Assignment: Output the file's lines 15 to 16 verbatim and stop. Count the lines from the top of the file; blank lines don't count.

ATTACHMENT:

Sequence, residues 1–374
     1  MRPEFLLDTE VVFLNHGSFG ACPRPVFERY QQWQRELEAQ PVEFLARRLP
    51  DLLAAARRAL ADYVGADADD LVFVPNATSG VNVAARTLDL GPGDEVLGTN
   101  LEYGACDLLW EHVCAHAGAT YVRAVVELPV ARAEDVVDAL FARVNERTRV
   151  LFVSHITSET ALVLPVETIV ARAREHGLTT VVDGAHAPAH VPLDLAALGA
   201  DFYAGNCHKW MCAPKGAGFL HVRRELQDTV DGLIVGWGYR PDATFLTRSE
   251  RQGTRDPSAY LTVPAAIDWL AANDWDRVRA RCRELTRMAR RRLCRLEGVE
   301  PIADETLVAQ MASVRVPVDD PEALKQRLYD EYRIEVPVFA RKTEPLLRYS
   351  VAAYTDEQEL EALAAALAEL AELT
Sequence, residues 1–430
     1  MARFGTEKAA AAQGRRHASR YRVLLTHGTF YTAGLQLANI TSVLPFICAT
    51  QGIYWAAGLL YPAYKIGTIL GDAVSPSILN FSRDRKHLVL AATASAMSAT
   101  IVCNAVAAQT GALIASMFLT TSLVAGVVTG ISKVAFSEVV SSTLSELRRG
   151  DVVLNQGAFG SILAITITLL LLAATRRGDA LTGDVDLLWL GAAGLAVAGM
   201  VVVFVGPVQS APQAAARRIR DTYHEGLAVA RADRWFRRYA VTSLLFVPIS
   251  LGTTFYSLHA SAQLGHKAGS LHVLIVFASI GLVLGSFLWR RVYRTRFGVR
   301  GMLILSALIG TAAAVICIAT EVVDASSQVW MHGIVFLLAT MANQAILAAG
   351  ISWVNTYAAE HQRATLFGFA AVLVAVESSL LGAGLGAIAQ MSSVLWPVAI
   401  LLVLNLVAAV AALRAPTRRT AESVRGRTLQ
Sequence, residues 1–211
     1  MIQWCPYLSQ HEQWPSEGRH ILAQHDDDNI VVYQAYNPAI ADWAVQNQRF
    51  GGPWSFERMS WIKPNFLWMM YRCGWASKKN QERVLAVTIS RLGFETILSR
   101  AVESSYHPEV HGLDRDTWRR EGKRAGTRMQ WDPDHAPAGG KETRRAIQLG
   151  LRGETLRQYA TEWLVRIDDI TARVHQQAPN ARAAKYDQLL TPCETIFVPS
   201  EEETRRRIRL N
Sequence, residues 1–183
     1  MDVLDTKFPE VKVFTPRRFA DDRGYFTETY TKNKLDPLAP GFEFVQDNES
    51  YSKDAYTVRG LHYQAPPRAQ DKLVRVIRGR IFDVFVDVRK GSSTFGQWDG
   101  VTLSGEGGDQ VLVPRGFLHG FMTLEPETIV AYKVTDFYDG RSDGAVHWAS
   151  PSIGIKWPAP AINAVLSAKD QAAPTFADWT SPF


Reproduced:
   201  VVVFVGPVQS APQAAARRIR DTYHEGLAVA RADRWFRRYA VTSLLFVPIS
   251  LGTTFYSLHA SAQLGHKAGS LHVLIVFASI GLVLGSFLWR RVYRTRFGVR